The film begins with a revealing credit: 'Robin Wright at', for this isn't your typical movie. In it, Robin Wright plays a sort of version of herself. In the first half, this is undoubtedly live action, and we see some incredible filmmaking. Indeed, in a sort of film-biz satire but without humour, Wright plays herself melancholy, at the end of her career. It's sad and powerful, heightened by a swooning score, beautiful visuals, and an impressive side performance from Harvey Keitel. For sure, it's an excellent start.
But what of the story from there on? We've seen the failed actress film done a thousand times! But this time it's different. From here on, the movie takes a surreal sci-fi twist, in that the world has been destroyed by humanity. Because of this, people have had to take some sort of hallucinogenic trip-drug that transports them into an animated fantasy. Weird, huh? From here the film gets a little lost: due to the fact that the world is fantasy, the plot becomes insanely complex and untraceable (although it never becomes boring). Despite this, the emotional core is retained perfectly and Folman gets his point across clearly - Hollywood is BAD. So bad that this may be the ultimate anti - Hollywood movie..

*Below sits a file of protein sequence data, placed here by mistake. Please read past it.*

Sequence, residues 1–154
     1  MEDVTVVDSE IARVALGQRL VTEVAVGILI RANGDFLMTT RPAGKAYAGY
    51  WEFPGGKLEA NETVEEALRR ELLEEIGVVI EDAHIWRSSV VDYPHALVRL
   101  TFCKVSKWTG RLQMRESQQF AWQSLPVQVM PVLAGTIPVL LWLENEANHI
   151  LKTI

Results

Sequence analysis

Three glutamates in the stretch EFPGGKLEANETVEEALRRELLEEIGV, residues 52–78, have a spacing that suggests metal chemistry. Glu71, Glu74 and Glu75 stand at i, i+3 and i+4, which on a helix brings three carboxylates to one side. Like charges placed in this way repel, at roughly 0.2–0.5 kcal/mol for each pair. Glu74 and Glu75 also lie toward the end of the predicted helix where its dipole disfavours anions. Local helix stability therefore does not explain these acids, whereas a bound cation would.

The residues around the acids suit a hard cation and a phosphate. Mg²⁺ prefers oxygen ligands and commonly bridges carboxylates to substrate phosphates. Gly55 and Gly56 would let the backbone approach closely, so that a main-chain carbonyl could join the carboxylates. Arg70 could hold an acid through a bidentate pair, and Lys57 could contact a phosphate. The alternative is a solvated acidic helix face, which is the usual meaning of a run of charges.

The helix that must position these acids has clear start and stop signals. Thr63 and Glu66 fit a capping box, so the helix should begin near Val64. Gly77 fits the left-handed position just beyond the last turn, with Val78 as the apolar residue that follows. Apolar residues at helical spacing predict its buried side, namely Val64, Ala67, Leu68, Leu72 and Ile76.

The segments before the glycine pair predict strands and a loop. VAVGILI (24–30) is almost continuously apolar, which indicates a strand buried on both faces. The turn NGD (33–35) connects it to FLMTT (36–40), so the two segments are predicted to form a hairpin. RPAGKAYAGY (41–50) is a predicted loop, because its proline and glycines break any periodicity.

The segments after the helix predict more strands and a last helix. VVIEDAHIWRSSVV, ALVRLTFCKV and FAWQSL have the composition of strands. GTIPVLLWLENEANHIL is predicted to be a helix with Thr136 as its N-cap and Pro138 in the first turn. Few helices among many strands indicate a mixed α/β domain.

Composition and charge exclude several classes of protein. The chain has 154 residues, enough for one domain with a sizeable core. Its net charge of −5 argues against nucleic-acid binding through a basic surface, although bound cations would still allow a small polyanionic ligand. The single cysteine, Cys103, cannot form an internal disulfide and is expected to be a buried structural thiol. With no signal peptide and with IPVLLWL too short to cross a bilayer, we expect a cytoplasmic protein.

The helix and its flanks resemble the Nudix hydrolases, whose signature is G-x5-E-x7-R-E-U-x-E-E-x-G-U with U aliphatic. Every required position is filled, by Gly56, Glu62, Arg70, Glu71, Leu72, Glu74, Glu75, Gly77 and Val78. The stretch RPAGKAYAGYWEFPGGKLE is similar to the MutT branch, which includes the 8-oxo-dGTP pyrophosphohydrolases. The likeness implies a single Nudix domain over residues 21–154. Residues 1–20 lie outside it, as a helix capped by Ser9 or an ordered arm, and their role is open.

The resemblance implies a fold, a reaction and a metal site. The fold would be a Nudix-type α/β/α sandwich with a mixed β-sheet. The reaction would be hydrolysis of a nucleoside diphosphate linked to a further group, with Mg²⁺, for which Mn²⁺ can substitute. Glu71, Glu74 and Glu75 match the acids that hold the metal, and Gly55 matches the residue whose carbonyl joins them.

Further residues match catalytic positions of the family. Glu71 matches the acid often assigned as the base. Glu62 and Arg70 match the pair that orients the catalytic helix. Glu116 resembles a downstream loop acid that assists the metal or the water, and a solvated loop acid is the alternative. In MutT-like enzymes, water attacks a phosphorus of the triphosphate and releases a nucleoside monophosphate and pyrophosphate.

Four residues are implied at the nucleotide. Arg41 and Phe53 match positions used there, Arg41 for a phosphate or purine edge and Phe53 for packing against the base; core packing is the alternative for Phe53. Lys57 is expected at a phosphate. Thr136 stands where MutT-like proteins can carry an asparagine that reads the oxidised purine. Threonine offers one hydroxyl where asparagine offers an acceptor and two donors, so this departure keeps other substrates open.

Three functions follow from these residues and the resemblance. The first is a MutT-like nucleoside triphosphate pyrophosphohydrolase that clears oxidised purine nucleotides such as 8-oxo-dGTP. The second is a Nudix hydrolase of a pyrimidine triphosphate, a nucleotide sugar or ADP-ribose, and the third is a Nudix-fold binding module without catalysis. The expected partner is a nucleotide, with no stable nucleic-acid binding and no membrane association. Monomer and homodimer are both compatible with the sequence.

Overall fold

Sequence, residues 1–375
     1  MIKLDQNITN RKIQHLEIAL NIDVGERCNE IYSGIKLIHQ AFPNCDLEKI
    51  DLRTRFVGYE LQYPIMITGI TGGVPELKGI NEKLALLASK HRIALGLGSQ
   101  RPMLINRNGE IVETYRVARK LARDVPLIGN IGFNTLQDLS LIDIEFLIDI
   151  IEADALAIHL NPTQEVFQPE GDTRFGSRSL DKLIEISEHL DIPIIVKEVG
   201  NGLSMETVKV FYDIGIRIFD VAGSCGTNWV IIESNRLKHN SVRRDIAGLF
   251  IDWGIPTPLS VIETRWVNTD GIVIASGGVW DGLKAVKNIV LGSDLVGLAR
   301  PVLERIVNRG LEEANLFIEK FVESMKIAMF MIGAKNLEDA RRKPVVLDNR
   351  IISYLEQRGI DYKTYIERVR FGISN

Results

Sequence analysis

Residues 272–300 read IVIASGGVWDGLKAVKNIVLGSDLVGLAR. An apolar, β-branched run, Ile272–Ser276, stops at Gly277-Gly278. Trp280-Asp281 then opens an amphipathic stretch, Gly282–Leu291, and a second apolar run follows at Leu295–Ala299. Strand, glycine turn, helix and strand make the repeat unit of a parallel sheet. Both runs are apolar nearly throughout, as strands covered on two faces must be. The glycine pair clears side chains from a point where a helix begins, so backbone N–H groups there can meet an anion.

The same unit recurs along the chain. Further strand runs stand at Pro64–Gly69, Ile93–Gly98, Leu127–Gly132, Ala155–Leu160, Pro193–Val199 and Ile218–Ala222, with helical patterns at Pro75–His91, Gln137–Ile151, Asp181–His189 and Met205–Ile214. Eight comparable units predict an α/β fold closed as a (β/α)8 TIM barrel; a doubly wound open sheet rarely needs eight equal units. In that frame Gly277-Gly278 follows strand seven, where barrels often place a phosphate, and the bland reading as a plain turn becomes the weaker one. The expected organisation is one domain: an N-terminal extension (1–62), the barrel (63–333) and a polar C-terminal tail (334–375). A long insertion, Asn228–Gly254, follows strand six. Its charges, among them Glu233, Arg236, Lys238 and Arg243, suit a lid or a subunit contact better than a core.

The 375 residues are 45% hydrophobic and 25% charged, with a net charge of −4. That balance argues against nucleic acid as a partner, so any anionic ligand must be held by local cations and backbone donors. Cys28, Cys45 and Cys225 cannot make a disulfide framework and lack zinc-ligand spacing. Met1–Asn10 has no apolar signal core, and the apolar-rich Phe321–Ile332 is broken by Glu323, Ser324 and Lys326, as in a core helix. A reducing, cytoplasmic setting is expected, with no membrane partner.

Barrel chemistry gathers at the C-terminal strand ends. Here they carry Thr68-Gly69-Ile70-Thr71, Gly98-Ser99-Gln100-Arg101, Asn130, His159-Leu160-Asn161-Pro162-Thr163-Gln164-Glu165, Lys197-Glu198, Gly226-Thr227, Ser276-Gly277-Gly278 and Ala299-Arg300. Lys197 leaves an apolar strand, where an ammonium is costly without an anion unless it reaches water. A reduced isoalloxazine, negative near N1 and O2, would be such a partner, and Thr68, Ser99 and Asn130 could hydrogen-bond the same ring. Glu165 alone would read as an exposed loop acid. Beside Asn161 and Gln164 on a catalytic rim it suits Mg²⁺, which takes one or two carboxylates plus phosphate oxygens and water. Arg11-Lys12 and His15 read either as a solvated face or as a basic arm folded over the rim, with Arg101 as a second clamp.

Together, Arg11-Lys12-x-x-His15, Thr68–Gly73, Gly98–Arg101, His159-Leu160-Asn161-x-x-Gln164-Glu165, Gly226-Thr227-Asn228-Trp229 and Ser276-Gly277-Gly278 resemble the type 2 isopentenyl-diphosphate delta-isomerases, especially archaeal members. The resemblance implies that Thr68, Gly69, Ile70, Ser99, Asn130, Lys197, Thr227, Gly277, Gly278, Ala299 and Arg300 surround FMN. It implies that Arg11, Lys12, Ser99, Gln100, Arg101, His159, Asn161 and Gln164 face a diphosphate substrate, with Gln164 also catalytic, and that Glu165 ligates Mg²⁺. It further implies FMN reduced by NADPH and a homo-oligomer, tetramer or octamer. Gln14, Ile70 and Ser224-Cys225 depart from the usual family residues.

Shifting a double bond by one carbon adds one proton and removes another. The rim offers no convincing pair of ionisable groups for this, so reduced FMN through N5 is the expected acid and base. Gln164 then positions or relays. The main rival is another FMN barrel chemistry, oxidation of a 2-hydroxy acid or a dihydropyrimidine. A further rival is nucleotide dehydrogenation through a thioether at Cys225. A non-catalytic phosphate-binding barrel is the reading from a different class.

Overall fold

|The live action start|
Speaking of which, Folman is infatuated with the medium. Despite his lambasting of mainstream movie culture, he makes frequent reference to films from the past which he loves (with a special amount reserved for Kubrick homages). I own't spoil the extensive list, but pay attention and you will be rewarded.
So, all in all, 'The Congress' is a great movie, it has a powerful first half; a brilliant score; beautiful animation; and a plethora of references. But in the animated quarter, the story really does get a little muddled. Check it out!
|The Congress gets 4 stars!|